'She had strong views on arts scene'

The police turned up on his doorstep last Sunday evening and asked to speak to his daughter.

Little did Mr Stephen Lo know that his daughter would soon be arrested for allegedly vandalising several roads by painting 'My Grandfather (sic) Road' on them.

The next day was spent fretting about his daughter, Miss Samantha Lo, 25.

She was released on police bail and returned home around 10pm on Monday night.

Speaking to The New Paper briefly at their corner-terrace home in the east, Mr Lo, a commercial pilot, said: "I had no idea that she had done that."

Miss Lo declined to speak.

Said Mr Lo: "She's quite traumatised and distressed by what has happened."

Miss Lo's uncle, Mr Kelvin Tan, 47, described her as a nice, humble, independent and sincere person. Miss Lo took art as a GCE O-level subject in CHIJ Katong Convent before going on to do her diploma and degree at a private school.

She started online magazine RCGNTN (pronounced as "recognition") three years ago, said Mr Tan. "She wanted a website dedicated to local talent. She's always had this wonderful desire to help local artists. She's very dedicated.

"And I'm upset because I don't think she should be treated this way. She was just trying to make an aesthetic statement."

He said: "Her art started with clothes, then she took it and developed it into another form of art - street art.

"I actually didn't know she had started doing street art. I saw the news but didn't realise that it might have been her."

Mr Tan, who has been teaching at the Lasalle College of the Arts for 10 years and is a musician, said: "I had the biggest shock of my life when her father called me."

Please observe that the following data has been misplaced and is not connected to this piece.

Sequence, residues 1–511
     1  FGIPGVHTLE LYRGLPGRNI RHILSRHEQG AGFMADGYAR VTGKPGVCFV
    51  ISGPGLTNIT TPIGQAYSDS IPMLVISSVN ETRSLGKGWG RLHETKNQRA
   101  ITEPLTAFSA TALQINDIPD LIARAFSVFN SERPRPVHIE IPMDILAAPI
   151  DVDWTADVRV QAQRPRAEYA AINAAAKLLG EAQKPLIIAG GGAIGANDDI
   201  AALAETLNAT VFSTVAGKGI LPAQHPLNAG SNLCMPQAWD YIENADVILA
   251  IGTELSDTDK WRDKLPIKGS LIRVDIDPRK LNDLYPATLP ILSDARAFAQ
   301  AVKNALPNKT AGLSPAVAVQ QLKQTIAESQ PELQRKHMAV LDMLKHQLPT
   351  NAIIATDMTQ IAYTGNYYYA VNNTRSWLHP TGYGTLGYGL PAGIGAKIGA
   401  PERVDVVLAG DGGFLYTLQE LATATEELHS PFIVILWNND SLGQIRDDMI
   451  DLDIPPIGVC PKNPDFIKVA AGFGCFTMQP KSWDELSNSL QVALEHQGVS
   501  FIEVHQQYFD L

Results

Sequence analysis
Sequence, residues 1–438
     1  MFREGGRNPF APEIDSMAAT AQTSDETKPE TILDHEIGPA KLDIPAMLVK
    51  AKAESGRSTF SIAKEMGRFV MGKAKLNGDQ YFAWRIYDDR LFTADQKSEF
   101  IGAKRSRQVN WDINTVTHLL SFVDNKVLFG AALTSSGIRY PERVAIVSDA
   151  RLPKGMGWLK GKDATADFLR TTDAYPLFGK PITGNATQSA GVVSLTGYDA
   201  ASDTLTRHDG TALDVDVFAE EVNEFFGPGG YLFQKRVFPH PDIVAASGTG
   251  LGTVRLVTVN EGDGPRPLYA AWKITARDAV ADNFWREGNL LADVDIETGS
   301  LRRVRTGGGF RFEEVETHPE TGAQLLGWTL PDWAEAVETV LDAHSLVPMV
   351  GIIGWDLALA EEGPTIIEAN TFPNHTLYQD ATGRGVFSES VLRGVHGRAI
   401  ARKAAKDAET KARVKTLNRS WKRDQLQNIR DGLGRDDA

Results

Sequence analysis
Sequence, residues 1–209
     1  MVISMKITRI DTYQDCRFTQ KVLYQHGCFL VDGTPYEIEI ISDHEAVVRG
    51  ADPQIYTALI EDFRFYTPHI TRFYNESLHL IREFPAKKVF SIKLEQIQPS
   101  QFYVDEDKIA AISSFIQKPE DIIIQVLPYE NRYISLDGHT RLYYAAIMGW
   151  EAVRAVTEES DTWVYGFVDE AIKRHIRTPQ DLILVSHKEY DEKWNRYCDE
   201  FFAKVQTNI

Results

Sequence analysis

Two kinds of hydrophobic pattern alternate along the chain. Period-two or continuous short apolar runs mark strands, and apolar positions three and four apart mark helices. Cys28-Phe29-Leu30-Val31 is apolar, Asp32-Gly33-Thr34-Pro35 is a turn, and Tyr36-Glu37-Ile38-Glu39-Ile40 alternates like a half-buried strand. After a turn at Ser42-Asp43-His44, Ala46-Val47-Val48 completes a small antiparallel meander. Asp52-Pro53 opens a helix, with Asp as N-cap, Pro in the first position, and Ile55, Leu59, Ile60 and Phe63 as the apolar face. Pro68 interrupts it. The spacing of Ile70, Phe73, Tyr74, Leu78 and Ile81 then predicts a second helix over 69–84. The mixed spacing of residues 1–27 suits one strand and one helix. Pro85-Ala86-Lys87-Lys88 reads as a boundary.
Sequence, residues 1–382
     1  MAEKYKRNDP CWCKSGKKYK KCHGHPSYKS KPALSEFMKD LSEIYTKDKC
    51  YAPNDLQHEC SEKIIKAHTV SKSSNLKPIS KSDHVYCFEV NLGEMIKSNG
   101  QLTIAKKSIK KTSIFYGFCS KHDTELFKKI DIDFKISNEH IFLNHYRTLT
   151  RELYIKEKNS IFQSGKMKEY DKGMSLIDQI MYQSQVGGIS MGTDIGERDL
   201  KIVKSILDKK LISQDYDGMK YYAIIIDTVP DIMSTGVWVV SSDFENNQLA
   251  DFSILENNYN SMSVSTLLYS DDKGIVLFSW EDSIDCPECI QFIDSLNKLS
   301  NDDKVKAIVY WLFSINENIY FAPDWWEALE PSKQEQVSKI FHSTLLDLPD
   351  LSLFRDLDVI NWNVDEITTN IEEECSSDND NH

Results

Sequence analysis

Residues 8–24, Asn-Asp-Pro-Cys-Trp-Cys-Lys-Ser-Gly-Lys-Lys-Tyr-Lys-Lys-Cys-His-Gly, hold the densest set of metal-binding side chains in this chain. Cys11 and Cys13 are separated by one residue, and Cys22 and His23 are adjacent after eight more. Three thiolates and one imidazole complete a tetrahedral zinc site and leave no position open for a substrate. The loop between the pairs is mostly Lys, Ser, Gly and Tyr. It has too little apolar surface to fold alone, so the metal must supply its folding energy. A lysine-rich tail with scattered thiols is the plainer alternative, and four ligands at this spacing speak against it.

He feels that the stickers are not an act of vandalism because they were thought through and well-conceptualised, but declined to comment on the paintwork she allegedly did.

Comparing the stickers to graffiti done on trains or the scratching of a car, he added: "As an art lecturer, I feel that she's trying to make a statement, and has carefully considered all the options.

"Right now, where art is concerned, all this is not going to be very good about how the country is going to perceive us (artists).

"Freedom of expression comes with responsibility. In the case of Samantha, it is irresponsible to a certain extent. But some aspects of art needs irresponsibility to work, to send the message across."

Mr Tan said he intends to speak to her today.

He added: "I think we should let her rest, and let her cool down. She's being hit left, right, centre with all the attention."

Unlike Miss Lo's father and uncle, though, some members of the art scene were aware of the stickers. Mr Yasin Rahim, 29, her fellow contributor at RCGNTN, said that she had been giving the stickers out for eight to 10 months.

"The stickers were very popular and freely available at RCGNTN events," said Mr Yasin, a photographer.

He added that it was unlikely Miss Lo put up all the stickers herself.

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